What’s truly stunning, though, is the fact that the Mets are a winning franchise when starting at 1980 and counting through this 2009 season (although it’s only by a mere 66 games).  The “dominant” franchise years of 1984-1990, coupled with the “good enough” runs of 1997-2001 and 2005-2008 were enough to overcome the low points (41 wins in the strike-shortened 1981 season and 59 in 1993 for “The Worst Team Money Can Buy.”)

New York Jets (130-158-0)
What can you say about Gang Green?  The parity and short seasons of the NFL leave the franchise all over the place with little rhyme or reason, from the horrors of the Rich Kotite Era (3-13 in 1995 and 1-15 in 1996) to the perplexities of the Herm Edwards Era of Clock Management (two ten-win seasons and a rare division title interspersed with four- and six-win campaigns).  If only Vinny Testaverde hadn’t been injured in the first week of 1999, who knows what could have been?

I officially count 1991 as my first year as a true fan of the Green and White. Before that, I grew up in a rabid Giants house (my dad used to audio tape big games throughout the Parcells run) but it was a particular game — the finale of the regular season in 1991 where the Jets beat the Miami Dolphins to earn a last-minute playoff spot — that I caught myself really passionately into a football team and game.  I remember that game as if it was yesterday, for some reason.

New York Islanders (493-627-162)
Want to know why my record is so poor?  Look no further than the woeful and poor hockey franchise from Long Island.  Sure, there were glory days in the early 1980s, but those salad days occurred before the Cable Man had ever Cometh to my home, so for all I knew “ice hockey” was just that blue Activision cartridge I had for the Atari 2600.  Instead, for my Isles history, it’s one solitary run as deep as the second round of the playoffs (the vaunted 1993 trip to the Wales Conference Finals) and seven straight seasons as among the worst teams in the sport (24, 24, and 21 total victories in 1998-2000).  21 wins?  For fucking real guys? Jeez.

Why did I pick the Isles?  Well, hockey definitely had a passionate fan base at my high school, and it seemed readily apparent that the people I hated were all Rangers fans while my best bud was the only Islanders fan around.  So that, coupled with the fact that the Isles were on SportsChannel, which my family paid for to see the Mets and I needed to justify holding year-round, it was a no-brainer at the time.  Boy, did that bite me in the ass, though, as the Broadway Blueshirts immediately won the Stanley Cup afterwards in 1994, forever removing from me the ability to chant the best taunt in sports — “1940!”

The Islanders may very well be the only team I ever have to truly worry about moving away from NY.   With prospects for a new arena looking dimmer than ever with the election of fiscally prudent Republicans throughout Nassau County (not necessarily a bad thing, honestly), and a current payroll that actually sits BELOW the official NHL Salary Floor (only nigh-impossible “incentives” such as “Doug Weight potting 30 goals” get them over the top), it’s hard to see the team staying put for much longer.  I will be devastated short-term, and likely disavow any rooting interests in the sport.  But eventually?  Well, I can’t root for the relocated Kansas City Rednecks or whatever they will be called — I’d rather see them lose every game for the duration of their history — so the only choice would be…to cross party lines and adopt the Rangers.  Sure, I loathe them now, but it makes sense.  Good team, good uniforms, and a total fuck you to my once favorite franchise.  That’s a long way — and a lot of permutations — from happening, though.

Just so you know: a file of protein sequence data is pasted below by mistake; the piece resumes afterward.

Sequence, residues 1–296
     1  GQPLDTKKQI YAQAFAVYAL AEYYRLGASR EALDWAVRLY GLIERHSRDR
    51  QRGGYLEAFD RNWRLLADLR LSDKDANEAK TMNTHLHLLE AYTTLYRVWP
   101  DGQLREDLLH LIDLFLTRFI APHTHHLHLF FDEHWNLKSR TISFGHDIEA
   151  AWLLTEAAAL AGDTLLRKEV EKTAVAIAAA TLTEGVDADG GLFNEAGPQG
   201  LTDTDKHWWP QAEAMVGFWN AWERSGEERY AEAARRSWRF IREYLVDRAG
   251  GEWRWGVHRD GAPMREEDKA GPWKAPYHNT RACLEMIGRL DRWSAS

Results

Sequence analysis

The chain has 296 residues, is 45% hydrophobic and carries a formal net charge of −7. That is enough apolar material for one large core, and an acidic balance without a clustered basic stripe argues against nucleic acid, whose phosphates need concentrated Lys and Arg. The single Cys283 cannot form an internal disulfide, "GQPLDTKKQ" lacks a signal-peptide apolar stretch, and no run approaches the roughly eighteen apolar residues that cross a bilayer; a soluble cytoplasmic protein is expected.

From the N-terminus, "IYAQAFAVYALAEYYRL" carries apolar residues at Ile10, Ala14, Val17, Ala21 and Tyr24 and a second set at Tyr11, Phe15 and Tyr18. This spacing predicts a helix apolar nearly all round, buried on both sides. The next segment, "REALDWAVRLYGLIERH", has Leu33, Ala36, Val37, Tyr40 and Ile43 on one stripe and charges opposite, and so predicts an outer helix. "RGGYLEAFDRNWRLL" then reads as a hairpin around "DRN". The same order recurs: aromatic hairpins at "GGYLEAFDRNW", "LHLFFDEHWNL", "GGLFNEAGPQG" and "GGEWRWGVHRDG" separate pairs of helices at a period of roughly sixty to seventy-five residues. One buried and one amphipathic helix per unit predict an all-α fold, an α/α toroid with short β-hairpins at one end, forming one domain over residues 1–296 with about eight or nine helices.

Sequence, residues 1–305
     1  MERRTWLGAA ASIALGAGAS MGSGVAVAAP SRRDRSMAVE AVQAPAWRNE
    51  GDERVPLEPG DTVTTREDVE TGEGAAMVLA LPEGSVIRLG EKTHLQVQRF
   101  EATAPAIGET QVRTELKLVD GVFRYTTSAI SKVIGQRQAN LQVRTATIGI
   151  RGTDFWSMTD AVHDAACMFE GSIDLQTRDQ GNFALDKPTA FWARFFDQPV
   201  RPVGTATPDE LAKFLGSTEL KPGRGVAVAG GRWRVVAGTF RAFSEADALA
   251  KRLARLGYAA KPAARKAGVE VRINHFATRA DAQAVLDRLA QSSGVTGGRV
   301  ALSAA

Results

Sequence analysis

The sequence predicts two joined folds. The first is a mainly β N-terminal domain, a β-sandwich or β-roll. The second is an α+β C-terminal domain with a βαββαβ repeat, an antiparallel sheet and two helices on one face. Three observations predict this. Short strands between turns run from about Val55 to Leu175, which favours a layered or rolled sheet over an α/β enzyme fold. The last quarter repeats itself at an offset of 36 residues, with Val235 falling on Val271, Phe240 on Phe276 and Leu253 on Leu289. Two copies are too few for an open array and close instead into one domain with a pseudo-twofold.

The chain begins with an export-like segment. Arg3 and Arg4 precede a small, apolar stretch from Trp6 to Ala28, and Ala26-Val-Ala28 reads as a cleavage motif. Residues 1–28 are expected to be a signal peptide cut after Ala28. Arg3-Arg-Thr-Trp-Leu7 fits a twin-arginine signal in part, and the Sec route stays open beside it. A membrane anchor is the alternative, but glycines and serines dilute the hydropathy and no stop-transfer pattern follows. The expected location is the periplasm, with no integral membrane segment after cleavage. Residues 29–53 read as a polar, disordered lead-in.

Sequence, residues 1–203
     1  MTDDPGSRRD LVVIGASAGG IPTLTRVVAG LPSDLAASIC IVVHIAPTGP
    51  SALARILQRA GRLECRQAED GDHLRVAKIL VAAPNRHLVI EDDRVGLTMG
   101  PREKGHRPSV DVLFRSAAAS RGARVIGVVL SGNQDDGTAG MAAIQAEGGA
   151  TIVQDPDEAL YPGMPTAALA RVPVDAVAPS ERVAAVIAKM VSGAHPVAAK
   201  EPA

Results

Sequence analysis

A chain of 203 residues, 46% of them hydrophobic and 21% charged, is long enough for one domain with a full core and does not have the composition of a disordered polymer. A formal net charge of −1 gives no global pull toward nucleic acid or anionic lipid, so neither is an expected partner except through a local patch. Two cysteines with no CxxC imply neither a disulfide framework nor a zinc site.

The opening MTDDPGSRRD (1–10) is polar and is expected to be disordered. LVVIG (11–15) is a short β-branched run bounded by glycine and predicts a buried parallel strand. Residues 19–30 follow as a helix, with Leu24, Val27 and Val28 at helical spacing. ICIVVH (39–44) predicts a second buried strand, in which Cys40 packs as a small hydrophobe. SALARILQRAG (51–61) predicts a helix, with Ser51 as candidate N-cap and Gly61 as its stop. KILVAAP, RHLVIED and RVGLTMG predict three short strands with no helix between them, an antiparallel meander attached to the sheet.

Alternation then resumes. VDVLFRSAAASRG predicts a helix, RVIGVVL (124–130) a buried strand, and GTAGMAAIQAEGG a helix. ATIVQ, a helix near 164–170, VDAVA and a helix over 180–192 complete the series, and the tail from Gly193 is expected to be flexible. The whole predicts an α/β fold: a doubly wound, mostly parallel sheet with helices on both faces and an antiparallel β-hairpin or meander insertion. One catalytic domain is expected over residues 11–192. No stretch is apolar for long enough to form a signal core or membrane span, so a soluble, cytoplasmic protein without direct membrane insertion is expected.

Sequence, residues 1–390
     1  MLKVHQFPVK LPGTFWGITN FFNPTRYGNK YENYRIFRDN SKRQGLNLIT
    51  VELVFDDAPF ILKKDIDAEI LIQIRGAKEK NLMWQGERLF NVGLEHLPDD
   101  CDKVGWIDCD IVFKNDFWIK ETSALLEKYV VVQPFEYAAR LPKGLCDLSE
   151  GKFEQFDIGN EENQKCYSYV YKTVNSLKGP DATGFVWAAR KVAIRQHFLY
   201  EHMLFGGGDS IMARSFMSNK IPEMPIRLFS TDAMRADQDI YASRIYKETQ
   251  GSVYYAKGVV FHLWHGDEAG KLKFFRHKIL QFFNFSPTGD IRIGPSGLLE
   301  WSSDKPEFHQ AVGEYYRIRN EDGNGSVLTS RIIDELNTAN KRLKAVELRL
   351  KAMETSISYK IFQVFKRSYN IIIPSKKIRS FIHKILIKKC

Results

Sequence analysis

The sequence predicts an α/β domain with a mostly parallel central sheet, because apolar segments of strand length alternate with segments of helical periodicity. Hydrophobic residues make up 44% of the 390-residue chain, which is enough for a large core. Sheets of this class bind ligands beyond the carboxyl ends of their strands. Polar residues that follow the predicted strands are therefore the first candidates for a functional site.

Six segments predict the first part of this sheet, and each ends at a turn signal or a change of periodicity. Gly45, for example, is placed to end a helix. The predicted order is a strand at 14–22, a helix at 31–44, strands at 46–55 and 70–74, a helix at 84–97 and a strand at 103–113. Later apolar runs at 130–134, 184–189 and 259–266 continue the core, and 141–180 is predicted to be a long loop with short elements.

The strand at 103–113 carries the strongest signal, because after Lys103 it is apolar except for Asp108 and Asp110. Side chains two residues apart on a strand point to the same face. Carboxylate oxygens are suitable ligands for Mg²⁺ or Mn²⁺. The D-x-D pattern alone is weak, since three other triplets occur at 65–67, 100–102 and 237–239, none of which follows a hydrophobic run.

Seriously, think about it.  The New Jersey Devils?  That’s just dumb.

New York Knicks (745-699-0)
I’m hesitant to even include the Knicks at this point, as the Isiah Thomas Era left me barely enthusiastic about the sport of basketball in its entirety.  But there can be little question that the Knicks run through the Pat Riley and Jeff Van Gundy Years proved easily among the most dominating in my fandom, with ten straight playoff appearances and two runs all the way to the NBA Finals, and a colorful, hard-working roster filled with guys like Charles Oakley, John Starks, Anthony Mason, Allan Houston, and even briefly Latrell Sprewell. Indeed, without the Knickerbockers, one would wonder how I’d ever managed to make it through the 1990s.

Funny thing, I actually watched the Knicks the other night and enjoyed the experience.  It felt a little like my first year — the 1991 team of Xavier McDaniel and Gerald Wilkins that fought so valiantly against the Detroit Pistons in a low-scoring (to say the least) opening-round playoff affair.  Only this team is the exact opposite — all offense and maybe the worst D I’ve ever seen.  That being said, maybe there’s hope to rekindle the spark once again.

Well, this has been a fascinating experiment, and an enjoyable trek back through the uplifting highs and the horrific lows.  To anyone who ever questioned why someone would so passionately root for something they cannot control, let me ask you: is there any roller coaster ride more thrilling and a payoff more rewarding that pulling out the big game after so much failure?  Sports is all — redemption tale, Greek tragedy, and feel-good story — in one billion-dollar package.